4 Staff Management Tips to Avoid High Employee Turnover Rates
Foodservice establishments face the relentless challenge of keeping staff from leaving. There are many reasons why restaurant owners must keep employees from leaving frequently. Not only does a high turnover rate decrease staff morale and productivity, it also increases the cost of hiring and training new employees and negatively affects your restaurant’s bottom line.
While most managers think giving employers a raise is the only way to keep them from jumping ship, there are a few other things you can do to retain staff and keep them loyal to the company.
Promote staff internally.
According to the study, the biggest reason employees leave the restaurant is because they receive an offer for a higher position in another company. You can prevent this from happening by encouraging your staff with promotions. It’s a win-win situation for both employer and employee, since you get to keep your workers and reduce costly turnover and your workers receive upgraded benefits and get promoted to a challenging position that is more suited to their skills.
Provide attractive benefits and make sure workers are aware of them.
Most restaurant workers believe they’re only receiving cash compensation for their work, but all employers are required by law to provide healthcare coverage, which is a substantial amount. Your staff should be aware of this. If not, create a detailed statement of all employee perks and benefits so they understand what they are receiving from you.
It’s also important to provide a benefits package that includes perks that are becoming standard in the foodservice industry, such as an extra level of life or disability insurance and coverage of dental, optical, and wellness benefits. Younger generations will also appreciate non-traditional, inclusive benefits, such as longer maternity leaves or leaves for workers who need to assist family members.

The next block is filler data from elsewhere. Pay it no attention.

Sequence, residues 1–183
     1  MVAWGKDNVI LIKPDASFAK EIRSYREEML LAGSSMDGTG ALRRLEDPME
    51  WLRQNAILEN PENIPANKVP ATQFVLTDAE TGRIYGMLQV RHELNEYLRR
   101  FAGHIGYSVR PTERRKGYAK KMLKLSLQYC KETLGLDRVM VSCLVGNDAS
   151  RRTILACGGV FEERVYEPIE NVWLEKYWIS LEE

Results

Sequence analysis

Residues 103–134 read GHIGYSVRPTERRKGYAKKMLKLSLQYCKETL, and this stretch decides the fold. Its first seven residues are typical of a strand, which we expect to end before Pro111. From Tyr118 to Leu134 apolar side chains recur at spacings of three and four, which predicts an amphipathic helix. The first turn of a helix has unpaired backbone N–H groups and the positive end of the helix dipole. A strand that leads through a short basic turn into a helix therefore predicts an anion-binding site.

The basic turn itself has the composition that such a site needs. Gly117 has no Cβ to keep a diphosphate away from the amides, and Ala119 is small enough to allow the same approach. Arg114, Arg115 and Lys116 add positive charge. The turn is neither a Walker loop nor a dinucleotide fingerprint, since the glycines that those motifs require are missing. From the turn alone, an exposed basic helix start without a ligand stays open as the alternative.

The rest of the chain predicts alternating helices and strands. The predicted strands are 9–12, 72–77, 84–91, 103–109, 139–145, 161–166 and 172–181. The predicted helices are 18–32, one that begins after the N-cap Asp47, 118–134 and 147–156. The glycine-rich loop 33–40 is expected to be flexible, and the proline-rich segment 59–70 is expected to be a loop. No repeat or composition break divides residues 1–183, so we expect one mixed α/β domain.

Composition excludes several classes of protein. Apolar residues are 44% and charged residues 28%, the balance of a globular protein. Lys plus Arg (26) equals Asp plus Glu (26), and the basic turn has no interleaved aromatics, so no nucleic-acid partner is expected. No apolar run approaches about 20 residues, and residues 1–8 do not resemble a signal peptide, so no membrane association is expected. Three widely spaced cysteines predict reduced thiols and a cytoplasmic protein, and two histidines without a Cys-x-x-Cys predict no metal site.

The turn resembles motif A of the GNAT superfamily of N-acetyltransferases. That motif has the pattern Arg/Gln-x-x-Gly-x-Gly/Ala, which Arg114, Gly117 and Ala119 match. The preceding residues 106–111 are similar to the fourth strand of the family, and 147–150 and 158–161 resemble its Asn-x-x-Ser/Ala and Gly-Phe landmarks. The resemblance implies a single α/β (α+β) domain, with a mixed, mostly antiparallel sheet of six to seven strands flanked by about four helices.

Research shows new staff who were referred by existing employees are far more likely to stay longer than workers who learned about the job opening from other sources. Take advantage of this by offering a referral bonus system that rewards those who bring in new staff. Offering hefty sign-on bonuses for the new hires is also a great way to attract better talent and give them a good first impression. Retention bonuses are also effective at keeping staff, especially as the bonuses increase the longer they stay. Unfortunately, the TDn2K study says restaurants aren’t offering retention bonuses as they should.
And while businesses usually reward employees after looking at traditional metrics such as sales and profits, it’s never a bad idea to provide bonuses for jobs well done in other areas, such as quality and customer service. Bonuses don’t have to be huge. As research shows, smaller but more frequent rewards are far more powerful at keeping employees happy and willing to stay than a one-time reward.
Offer continuous training opportunities.
People don’t want a dead-end job where they have no room to grow. When an employee leaves, one of the most likely reasons is because they feel they have no other viable career advancement options in your company, aside from the fact that they believe they can find more room for growth in other companies.
Provide regular career planning sessions, where your staff can map out the direction they want to take in their career with your company. This helps them create a vision of their future with you as an employer and allows them to see that what is important to them matters to you as well.